Tell us about yourself & how your career shaped up –
My name is Sanjai Velayudhan. I am a marketer with specialisation in loyalty programs in general & frequent flyer programs in particular. With 23 years of global experience under my belt, I have had the opportunity to work with some of the biggest brands. I have mostly worked & lived in cosmopolitan cities across the world.
I was particularly lucky to have been part of the leadership team that launched the first loyalty program powered with an EMV chip in the Middle East. ‘Points’, which was rebranded as ‘CompanionPoints’ after its merger with DNATA was a pioneer. It was the first instant earn & burn program that could be seamlessly used across a wide coalition of heterogenous merchants. In many ways, it changed the marketing landscape of United Arab Emirates.
I played a salient role in designing & implementing a loyalty program for the city of Dubai with the support & participation of government agencies. We were able to meet multiple objectives with this seminal program.
My greatest strength is my ability to focus on the customer-psychology & fabricate alternative marketing initiatives. Having been part of many loyalty programs, I have always tried to make marketing customer-friendly. I always wondered why major brands only run campaigns targeting the customers but never ask them what they really want. Incoming customer information can help shape better campaigns. As a consultant, I have cautioned brand owners not to overwhelm customers with marketing promotions & communications. I believe that simple solutions can often become catalysts for major changes. ‘Gamification’ is one of the simplest but powerful strategies that I have been fascinated with because, its applications are many.
I always wanted to create a ‘unique’ solution that can be rolled out to the masses in large numbers. Changes can only be ushered in with participation from the masses-be it political, social, cultural…I believed in the concept & with the support of my daughter Nakshatra, designed a working blue print for noo-gah!
In order to maintain concept & marketing autonomy, we took the risk of funding the MVP entirely on our own. Our demonstrated confidence in our own product should translate into the trust of the people.
What were the challenges you faced in your start-up/entrepreneurship journey?
The biggest challenge was to identify an experienced & motivated technology team. Midway through the process, we had to change a team that was not delivering quality processes. This did slow down the project by about 4-5 months. We had to then find & re-train another tech-team. We understand & accept that delays are always part of a challenging journey.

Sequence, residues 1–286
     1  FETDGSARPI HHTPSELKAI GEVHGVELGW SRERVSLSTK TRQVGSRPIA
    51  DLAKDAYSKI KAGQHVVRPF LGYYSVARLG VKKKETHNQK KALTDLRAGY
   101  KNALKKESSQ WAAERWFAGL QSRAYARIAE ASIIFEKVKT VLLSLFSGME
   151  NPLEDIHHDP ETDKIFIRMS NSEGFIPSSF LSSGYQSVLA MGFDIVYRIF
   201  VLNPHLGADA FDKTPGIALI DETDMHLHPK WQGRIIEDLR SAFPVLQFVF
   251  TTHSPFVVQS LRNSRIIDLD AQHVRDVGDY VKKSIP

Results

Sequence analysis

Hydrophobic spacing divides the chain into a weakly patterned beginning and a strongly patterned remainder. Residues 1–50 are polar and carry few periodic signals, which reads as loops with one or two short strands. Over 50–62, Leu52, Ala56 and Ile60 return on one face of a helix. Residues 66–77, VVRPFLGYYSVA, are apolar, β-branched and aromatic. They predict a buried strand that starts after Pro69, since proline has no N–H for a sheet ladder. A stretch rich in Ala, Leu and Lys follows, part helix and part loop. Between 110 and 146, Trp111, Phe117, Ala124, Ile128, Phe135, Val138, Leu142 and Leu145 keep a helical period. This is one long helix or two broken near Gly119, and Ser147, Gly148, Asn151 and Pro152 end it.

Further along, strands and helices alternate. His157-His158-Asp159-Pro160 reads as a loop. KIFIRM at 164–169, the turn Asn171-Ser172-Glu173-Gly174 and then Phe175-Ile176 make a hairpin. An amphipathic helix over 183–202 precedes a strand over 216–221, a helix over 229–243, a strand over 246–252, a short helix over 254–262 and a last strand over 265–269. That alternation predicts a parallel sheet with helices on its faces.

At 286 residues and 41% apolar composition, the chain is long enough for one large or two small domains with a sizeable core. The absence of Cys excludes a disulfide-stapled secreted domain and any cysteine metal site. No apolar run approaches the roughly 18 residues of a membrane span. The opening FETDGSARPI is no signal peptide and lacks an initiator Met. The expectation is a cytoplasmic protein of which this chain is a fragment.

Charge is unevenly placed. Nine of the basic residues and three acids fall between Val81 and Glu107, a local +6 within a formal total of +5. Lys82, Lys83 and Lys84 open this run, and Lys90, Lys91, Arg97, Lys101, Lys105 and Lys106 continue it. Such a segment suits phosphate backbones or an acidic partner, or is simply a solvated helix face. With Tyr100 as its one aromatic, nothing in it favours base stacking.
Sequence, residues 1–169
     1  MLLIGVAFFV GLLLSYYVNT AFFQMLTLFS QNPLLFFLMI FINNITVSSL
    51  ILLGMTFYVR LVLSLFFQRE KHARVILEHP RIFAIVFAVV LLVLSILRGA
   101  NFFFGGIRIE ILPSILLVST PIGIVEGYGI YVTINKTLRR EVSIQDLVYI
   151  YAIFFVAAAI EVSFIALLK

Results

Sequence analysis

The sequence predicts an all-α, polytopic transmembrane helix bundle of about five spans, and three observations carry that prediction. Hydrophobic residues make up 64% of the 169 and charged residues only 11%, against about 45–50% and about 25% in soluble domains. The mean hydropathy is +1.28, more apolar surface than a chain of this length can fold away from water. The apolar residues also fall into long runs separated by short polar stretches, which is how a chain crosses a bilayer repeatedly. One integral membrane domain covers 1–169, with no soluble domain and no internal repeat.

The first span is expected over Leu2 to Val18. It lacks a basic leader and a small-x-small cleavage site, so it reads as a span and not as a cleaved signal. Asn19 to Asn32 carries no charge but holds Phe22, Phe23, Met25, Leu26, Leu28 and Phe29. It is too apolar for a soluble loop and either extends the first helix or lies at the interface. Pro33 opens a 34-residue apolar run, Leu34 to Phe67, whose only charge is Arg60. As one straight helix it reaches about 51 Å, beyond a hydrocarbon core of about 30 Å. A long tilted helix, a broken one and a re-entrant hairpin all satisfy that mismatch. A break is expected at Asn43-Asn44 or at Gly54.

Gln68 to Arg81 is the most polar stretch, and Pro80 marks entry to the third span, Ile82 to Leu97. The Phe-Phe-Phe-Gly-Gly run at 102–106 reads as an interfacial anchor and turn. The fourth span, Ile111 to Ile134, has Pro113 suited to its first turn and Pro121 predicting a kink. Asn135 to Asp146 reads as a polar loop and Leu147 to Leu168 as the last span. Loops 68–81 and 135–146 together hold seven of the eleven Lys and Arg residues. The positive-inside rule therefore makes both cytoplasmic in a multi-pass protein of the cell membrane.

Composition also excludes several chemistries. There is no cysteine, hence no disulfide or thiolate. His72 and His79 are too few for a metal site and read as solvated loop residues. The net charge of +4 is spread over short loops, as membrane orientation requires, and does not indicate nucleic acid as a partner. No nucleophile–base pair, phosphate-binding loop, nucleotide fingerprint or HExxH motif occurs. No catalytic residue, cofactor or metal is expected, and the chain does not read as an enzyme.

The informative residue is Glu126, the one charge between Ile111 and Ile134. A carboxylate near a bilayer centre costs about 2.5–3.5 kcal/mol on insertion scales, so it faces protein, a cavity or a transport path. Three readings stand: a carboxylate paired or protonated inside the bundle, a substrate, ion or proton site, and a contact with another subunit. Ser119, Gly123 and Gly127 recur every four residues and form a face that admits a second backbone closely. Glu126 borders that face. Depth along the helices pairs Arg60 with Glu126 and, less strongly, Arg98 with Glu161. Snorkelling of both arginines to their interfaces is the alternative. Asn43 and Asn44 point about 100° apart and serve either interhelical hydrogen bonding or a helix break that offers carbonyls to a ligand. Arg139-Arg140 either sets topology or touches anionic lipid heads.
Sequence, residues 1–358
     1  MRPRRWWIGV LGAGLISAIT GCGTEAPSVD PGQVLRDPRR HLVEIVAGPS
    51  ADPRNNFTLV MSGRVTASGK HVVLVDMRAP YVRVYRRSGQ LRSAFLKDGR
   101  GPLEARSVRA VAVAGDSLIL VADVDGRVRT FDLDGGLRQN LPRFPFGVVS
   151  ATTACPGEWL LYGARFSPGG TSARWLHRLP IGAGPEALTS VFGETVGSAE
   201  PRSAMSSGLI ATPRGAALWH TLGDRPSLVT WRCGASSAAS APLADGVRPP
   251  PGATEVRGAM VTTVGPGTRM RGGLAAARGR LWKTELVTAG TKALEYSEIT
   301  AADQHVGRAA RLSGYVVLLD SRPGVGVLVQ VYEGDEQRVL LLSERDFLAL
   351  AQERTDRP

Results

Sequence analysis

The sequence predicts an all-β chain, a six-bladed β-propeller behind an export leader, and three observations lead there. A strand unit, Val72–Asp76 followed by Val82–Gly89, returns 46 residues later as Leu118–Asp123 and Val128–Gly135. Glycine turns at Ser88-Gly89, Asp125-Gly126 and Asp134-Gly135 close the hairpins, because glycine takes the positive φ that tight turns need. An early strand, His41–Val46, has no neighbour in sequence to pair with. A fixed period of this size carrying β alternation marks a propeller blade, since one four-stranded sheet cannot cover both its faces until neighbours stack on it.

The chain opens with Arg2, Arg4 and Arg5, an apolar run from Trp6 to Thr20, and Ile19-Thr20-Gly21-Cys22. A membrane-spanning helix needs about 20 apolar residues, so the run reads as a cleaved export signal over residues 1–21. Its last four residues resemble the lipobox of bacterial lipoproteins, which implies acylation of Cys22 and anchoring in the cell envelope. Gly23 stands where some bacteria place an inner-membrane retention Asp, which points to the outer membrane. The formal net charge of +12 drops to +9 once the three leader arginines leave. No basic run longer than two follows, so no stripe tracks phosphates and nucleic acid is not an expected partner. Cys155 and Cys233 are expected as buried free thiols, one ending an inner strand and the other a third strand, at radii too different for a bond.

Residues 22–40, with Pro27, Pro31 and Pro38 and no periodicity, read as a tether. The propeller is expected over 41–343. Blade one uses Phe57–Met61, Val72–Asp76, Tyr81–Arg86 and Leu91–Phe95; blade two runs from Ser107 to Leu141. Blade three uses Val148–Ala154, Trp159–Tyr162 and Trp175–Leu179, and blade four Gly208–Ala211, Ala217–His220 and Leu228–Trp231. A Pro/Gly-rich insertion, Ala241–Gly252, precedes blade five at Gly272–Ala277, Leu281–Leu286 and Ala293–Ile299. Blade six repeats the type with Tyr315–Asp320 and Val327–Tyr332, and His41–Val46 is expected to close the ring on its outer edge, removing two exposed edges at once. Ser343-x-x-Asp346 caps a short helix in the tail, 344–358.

What is the biggest factor that has helped you to be successful?
The support of my family especially my wife, Latha. Together, we have been able to keep the costs down substantially without compromising on quality. These range from app-process creation, digital strategy & campaign execution. We estimate a savings of just about Rs. 1.5 Cr.
What was the hardest decision you ever had to make and when?
The hardest decision was to underwrite the risk & entirely fund noo-gah! This helped us demonstrate that we believe in the concept.
What is the current structure of your start-up?
noo-gah! is managed by a small leadership team. We have chosen strategic outsourcing for larger, specialised teams that include-technology, public relations, finance & accounting, legal etc
Who is your target audience and why?
Our primary target segment is the young people belonging to the 14-25 years. The secondary target would include people between 26-35.
We chose these segments because, history is witness that all major changes have been ushered in by the young. Be it the Jasmine Revolution or the Arab Spring. We also see the young people taking enormous risks & advocating for change in Iran, Saudi Arabia & other countries. Now it is they who are boldly challenging the Taliban.
noo-gah! does not advocate or encourage physical revolts but we do believe in the saying ‘Vox Populi, Vox Dei’. It means the ‘voice of the people’ is the ‘voice of God’. We want to leverage the power of thoughts & opinions by making them available to a wide audience. Opinions can usher in change; Unity can bring about paradigm shifts.
What motivates you?
I am motivated by the prospect of becoming the catalyst that facilitates change-both small & large. I believe that organisations can make profits while also becoming harbingers of positive disruption in societies. Every small change adds up. I am not a romantic nor an activist. I am a pragmatic person who wants to bring together the energy of the masses for creating dents in existing societal structure.
Do you believe there is some sort of pattern or formula to becoming a successful entrepreneur?
I don’t think so. The only formula(s) I know is to lead by example, lead from the front. By risking everything that I have for noo-gah!, I am earning the trust of people.
What piece of advice would you give to college graduates who want to become entrepreneurs?
I personally believe that some work experience is necessary to become an entrepreneur. It helps in mature decision making & calculated risk taking.
Who is your role model?
Dashrath Manjhi, widely known as the “Mountain Man”. He carved 30 feet wide by 360 feet long path through a 25 feet high hill. He executed this massive task by using just a hammer & chisel. He proved that an ordinary man with extraordinary motivation & is willing to relentlessly chase his dreams can win against the biggest obstacles. There is nobody in the recent history who has done something so motivational.